Should Every PPC Expert Know CRO?

By , Associate Director of Paid Search at Hanapin Marketing

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All accounts have their ups and downs. This week  we’re all about how we troubleshoot the “downs,” offering the practical application of PPC know-how to solve major mysteries plaguing your account’s performance. Eric has already given a few tips on how to address the source of bad lead quality and Carrie looked into how you can expand your reach in a way that pays off! Today we’ll be diving into how CRO has helped us expand account and how we go about doing it.

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On more than one occasion in the past year I’ve been asked the question “How do you know when PPC is just not going to work?” The answer is – when you give up on making your website better.

Let’s take a look at the guiding principle of PPC:

 

Spend/CPC* Conversion Rate = Leads

 

We really control two parts of this equation, the CPC and the Conversion Rate. Spend in the end will be a factor of the results we generate – cheap, plentiful leads will mean budgets get expanded in any sensibly run business. PPC folk tend to be great at working on these from the Google AdWords side of things; adjusting bids, writing great ad copy, keyword research and adding negatives is something we all aim to do as well and often as possible in our accounts.

However, working on things like website design can be much more tricky. I am not a web designer; in fact if you organized an art competition between me and any first grader picked at random, you would have a hard job distinguishing whose work was whose.

That’s why we need to think of ourselves as User Experience experts. Sure, we might not know the ins and outs of CSS, but we have a pretty good grasp of the fundamentals of how good websites work. They do the following things:

  • Tell the user what exactly the service they provide does
  • Give the user as easy of a way to convert as possible
  • Have a great hook that makes someone want to interact – a product you want to buy, or a service you’d love to sign up for
  • Look and feel trustworthy
  • Have minimal barriers to conversion

By making changes to our website to reflect these aims, we can start to change the “Conversion Rate” part of our guiding principle of PPC equation (from above if you skipped ahead). We now believe in CRO so much as a fundamental part of PPC that every new account manager undergoes an entire week of CRO training when they join Hanapin.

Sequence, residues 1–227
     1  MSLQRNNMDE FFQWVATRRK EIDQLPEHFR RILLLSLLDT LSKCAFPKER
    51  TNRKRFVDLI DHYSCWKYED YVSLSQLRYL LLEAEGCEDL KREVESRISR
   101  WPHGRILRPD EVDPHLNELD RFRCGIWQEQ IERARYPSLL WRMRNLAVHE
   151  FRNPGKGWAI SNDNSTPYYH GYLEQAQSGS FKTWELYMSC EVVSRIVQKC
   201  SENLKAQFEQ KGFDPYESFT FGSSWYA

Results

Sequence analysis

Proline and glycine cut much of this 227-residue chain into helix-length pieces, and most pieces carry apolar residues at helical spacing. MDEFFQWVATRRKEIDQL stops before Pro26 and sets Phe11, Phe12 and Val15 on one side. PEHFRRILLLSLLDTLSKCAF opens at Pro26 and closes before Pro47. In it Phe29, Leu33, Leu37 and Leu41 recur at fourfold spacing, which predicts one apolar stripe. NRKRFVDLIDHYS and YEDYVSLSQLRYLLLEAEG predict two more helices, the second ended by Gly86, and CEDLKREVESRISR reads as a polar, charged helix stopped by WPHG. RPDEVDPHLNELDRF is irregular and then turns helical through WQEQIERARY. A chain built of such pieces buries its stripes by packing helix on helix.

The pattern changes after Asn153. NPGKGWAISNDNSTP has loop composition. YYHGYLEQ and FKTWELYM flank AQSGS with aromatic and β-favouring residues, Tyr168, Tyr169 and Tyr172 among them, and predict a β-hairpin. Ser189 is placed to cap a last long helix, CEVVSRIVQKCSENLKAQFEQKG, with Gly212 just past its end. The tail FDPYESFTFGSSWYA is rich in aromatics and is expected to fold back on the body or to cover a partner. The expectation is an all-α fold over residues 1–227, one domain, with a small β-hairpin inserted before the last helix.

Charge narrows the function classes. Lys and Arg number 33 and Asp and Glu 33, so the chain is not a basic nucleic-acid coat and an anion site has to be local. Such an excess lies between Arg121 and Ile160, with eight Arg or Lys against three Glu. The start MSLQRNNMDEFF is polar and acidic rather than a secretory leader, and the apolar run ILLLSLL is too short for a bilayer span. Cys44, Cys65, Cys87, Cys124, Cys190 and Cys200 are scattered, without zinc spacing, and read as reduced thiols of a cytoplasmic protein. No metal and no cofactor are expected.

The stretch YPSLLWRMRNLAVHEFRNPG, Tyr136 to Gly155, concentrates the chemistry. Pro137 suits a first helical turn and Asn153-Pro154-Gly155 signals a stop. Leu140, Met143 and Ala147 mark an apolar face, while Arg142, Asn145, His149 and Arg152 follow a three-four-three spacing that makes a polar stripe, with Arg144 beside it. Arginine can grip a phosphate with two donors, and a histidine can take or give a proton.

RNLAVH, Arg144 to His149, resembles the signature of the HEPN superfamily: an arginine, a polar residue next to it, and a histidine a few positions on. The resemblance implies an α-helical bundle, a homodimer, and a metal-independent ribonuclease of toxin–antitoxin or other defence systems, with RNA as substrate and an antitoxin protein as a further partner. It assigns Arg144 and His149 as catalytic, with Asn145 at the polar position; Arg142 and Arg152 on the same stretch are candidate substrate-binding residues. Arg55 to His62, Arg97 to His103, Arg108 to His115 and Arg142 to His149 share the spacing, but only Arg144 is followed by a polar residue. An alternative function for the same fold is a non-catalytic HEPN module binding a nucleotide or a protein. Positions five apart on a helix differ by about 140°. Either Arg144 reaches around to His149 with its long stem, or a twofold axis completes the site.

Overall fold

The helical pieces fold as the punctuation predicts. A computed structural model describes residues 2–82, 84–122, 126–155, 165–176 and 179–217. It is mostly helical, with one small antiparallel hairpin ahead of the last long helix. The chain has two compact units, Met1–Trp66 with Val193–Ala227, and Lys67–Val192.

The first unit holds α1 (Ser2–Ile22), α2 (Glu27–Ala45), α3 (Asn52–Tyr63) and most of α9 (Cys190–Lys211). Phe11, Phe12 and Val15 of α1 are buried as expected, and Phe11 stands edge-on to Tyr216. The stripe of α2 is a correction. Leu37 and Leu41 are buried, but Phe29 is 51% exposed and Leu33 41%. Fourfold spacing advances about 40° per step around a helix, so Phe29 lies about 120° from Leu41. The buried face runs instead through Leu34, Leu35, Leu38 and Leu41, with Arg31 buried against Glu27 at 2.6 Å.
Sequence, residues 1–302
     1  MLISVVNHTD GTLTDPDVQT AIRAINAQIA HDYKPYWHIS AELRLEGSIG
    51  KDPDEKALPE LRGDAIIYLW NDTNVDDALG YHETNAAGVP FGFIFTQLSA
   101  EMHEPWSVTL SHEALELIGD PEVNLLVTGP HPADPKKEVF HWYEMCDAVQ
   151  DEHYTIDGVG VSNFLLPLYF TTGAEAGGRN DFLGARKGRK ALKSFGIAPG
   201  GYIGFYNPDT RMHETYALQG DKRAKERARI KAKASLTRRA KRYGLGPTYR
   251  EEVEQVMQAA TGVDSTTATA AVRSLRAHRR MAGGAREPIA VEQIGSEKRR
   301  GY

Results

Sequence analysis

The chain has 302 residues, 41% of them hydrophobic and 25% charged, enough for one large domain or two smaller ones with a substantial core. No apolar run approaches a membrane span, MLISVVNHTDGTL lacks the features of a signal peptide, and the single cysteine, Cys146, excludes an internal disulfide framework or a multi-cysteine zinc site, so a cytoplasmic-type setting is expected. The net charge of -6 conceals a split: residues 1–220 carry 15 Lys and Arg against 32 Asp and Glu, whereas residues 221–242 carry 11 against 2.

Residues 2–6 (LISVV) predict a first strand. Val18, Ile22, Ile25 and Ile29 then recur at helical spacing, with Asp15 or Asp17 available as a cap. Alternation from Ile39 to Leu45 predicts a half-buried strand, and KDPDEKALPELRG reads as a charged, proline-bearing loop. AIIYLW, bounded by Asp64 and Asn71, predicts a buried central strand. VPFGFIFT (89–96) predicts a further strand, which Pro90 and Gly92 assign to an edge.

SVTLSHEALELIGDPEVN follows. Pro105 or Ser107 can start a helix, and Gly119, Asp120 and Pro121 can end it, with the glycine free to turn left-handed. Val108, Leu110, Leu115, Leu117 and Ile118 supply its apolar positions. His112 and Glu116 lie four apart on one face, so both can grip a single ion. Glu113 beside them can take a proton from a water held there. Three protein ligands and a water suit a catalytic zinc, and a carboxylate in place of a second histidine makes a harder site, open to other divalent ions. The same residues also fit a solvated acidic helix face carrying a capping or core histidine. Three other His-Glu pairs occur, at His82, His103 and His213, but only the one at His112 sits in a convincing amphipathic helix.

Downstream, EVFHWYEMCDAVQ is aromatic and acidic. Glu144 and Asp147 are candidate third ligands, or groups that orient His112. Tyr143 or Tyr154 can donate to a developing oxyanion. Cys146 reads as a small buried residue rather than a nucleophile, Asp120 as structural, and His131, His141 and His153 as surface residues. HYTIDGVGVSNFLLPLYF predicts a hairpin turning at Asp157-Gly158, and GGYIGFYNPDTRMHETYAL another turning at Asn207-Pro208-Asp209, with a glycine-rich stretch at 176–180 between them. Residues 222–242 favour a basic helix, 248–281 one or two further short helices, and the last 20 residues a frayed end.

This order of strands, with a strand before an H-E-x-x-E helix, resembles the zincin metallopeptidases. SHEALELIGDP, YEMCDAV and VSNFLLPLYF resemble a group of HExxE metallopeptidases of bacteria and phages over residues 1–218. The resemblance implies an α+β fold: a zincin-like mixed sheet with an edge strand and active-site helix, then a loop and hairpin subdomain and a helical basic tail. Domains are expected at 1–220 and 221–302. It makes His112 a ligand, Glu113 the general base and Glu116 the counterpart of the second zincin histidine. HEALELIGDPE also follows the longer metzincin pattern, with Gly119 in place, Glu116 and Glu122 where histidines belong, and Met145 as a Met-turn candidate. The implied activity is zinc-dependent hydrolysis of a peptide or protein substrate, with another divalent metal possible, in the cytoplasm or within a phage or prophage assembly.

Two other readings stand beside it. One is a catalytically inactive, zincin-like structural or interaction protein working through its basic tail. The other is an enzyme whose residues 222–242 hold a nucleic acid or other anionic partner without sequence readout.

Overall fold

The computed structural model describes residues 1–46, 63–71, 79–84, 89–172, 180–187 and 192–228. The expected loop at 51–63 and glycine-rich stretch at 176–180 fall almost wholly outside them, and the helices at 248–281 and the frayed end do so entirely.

How do you get good at CRO?

CRO is a lot like PPC and a lot different to PPC. By that I mean that it’s about testing and optimizing but “best practices” are much more fluid from business to business. With PPC I know there is always a fairly solid path for optimizing an account I can work through, whereas with CRO, something that got me a 44% increase in Conv. Rate with one client, ended up making things 16% worse with another. There’s the same methodical approach, but things might need to be

Your fist step should be to work out a process for doing CRO. Here at Hanapin we have our DHAES approach:

 

Data:

This is the part where you look through Google Analytics, do some customer research and assess the site you are trying to optimize. Try and look for trends, leaks in your conversion funnel and sources of confusion. I like to use CrazyEgg heat maps to tell me where users are looking on my page and if there are any elements that need expanding or removing. Another cool tool is usertesting.com, which will let you record examples of users testing your site to try and achieve a specific goal.

 

Hypothesis:

Based on the data and your assessment, what changes do you think will improve your conversion rate? This might be something such as:

“In our user testing, people found the form confusing, so we should simplify it”

“In my experience, flashing purple buttons are irritating, let’s test that”

“In-page analytics showed that lots of people were clicking out to our FAQs tab and then not converting. Perhaps we should add FAQs to our landing page and add a call to action immediately after.”